Remove the buns from the oven, and transfer them to a rack to cool.

Yield: 12 large buns
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This post was sponsored by King Arthur Flour. All my opinions, as always, are my own.

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46 Responses to st. lucia buns

  1. Those curlicues are wonderful.
    We usually have a Saint Lucy party–a candlelit cocktail party. A kickoff to Christmas!

  2. Laura Bigsby says:

    Beautiful buns with even more beautiful girl !

  3. I’ve been curious about Saint Lucia’s buns since I was little, but I’ve never tried them. I think I have to now with this beautiful recipe.

  4. betty says:

    Oh Sarah, it’s so beautiful, and these photos just melt my heart. I’ve never tried or made these Saint Lucia’s buns, but I think I have to now!

  5. i’ve always been afraid to try these but now i feel less afraid! will try this weekend!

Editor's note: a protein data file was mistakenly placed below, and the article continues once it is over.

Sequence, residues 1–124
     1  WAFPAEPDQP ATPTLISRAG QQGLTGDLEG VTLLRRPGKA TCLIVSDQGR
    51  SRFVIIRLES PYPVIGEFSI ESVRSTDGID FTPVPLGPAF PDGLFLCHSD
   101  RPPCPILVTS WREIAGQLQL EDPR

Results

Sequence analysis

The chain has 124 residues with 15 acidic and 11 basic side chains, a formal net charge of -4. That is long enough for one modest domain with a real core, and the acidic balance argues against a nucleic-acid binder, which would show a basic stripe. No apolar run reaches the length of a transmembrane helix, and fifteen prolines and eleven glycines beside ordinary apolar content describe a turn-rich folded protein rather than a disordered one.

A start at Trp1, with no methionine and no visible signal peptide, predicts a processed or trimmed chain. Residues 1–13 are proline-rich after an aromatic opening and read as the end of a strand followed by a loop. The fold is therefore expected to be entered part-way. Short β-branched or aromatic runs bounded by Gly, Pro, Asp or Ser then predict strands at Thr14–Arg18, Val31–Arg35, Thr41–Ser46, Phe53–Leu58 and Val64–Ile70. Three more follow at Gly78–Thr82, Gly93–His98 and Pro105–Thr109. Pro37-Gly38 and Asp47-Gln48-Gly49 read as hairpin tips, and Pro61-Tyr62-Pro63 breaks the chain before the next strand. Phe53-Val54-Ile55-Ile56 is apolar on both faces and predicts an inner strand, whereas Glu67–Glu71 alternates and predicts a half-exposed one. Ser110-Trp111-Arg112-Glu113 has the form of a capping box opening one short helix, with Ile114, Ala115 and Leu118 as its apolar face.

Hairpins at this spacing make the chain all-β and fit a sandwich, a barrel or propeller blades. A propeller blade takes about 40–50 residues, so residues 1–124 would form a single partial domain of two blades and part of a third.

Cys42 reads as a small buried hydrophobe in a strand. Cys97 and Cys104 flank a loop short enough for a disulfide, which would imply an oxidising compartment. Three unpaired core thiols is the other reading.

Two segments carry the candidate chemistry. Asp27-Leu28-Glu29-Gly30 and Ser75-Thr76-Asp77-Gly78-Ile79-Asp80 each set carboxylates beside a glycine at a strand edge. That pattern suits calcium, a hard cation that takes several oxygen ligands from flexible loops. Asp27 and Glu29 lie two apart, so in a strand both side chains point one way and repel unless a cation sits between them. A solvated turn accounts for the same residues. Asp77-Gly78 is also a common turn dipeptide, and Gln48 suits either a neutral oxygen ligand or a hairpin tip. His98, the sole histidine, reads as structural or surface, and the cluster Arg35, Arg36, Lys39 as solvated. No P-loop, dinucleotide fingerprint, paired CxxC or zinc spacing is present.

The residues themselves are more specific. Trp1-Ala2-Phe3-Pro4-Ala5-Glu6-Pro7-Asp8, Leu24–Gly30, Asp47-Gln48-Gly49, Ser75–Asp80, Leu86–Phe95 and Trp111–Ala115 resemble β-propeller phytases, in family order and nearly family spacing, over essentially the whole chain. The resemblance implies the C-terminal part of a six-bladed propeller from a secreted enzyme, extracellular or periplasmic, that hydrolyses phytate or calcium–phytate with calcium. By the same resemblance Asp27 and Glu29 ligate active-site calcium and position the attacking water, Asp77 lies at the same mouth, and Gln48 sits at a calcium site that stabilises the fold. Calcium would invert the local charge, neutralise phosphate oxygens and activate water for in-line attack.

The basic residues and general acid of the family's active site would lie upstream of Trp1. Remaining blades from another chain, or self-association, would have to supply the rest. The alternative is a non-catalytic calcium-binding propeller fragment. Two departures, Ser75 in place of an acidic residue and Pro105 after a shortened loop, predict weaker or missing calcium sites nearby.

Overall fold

6. I’ve never heard of these buns before but they look incredible, I just want to tear into one and dunk it in a mug of hot chocolate!

    http://victoriaspongepeasepudding.com/

  7. Caroline says:

    Sarah, I totally relate to wanting to create holiday traditions. My kids are much older, but we started baking my Mom’s Armenian braided bread every year and it’s just not Christmas without it now. These buns are absolutely gorgeous! I love their beautiful shape and those pearls of sugar so much! Lovely recipe! Happy Holidays!

  8. I love those little hands <3 She is so adorable.
    And these buns.. Seriously mouthwatering and delicious. <3